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Tongue sees

Tongue sees

Visual aids come in all shapes and sizes. Many of us routinely wear spectacles; some of us require a guide dog. But what if you could see using your tongue? It sounds like science fiction, but a device in the US called BrainPort does just that.

What our eyes perceive is couriered by about two million nerves to a depot in the back of our heads, the brain’s so-called visual cortex, where the messages are decoded and transformed into sight. The BrainPort works with the help of a small camera that sits on a pair of sunglasses worn by the blind person to gather visual information. Next, the information is then sent to a computer device and then on to what looks like an electronic lollipop. The person pops this lollipop inside their mouth and lets it rest on their tongue. The lollipop receives electrical pulses from the camera and these are felt as bursting champagne bubbles by the tongue. But these pulses are picked up by the nerves of the tongue and sent off to the brain for decoding.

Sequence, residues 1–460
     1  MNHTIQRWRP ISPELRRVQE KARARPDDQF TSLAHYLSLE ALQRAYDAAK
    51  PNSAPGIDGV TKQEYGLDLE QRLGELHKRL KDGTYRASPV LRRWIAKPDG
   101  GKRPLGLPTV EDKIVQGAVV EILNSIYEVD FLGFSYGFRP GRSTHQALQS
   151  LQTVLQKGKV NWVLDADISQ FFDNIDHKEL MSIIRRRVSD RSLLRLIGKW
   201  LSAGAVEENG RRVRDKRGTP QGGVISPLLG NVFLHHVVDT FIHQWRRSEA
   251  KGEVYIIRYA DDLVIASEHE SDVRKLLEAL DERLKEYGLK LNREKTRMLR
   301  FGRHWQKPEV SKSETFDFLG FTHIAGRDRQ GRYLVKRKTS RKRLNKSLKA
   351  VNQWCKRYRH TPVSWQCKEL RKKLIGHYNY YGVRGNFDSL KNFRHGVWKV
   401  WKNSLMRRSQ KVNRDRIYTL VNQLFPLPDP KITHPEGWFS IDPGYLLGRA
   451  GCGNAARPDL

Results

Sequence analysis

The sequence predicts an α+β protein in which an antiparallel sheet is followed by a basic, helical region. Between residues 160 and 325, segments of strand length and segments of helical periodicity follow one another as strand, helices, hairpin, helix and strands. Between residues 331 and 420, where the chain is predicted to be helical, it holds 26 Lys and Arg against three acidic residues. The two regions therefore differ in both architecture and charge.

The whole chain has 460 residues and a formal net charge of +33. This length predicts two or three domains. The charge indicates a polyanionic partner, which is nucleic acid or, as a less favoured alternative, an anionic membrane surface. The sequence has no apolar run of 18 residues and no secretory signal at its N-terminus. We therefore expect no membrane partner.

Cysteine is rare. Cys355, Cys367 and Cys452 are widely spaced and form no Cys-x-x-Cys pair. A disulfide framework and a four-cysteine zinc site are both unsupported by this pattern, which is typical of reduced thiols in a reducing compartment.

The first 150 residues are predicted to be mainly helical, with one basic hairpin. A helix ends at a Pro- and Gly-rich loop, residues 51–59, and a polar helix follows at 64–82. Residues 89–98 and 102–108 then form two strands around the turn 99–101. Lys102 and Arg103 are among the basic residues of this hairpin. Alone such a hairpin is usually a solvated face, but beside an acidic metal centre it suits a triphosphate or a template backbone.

This is where the plastic brain comes into its own. Remarkably the brain can teach itself to decode these messages and allow the person see them. Researcher Dr William Seiple at an organization called Lighthouse International has been testing the device and working with blind people. One person is Nihal, a 26-year-old avid runner and swimmer who lost her sight to glaucoma at the age of seven. She recognised shapes the first day she tried the lollipop, but with practice she could read 4-inch high letters – while blindfolded.

This would not be possible if it were not for our brain’s remarkable ability to remain flexible throughout life; if new information comes to it, it will bend itself over backwards to fit it in. In an article describing the new technology in the magazine Scientific American, scientists expressed amazement at what the device can achieve. “One guy started to cry when he saw his first letter,” Seiple recalled. The technology is amazing, but so too is our brain’s capacity to change. This is something we can all take advantage of; challenge your brain daily by stepping just outside your comfort zone,  and your brain will up its game in meeting those challenges. Try it. Illustration: Neuroplasticity

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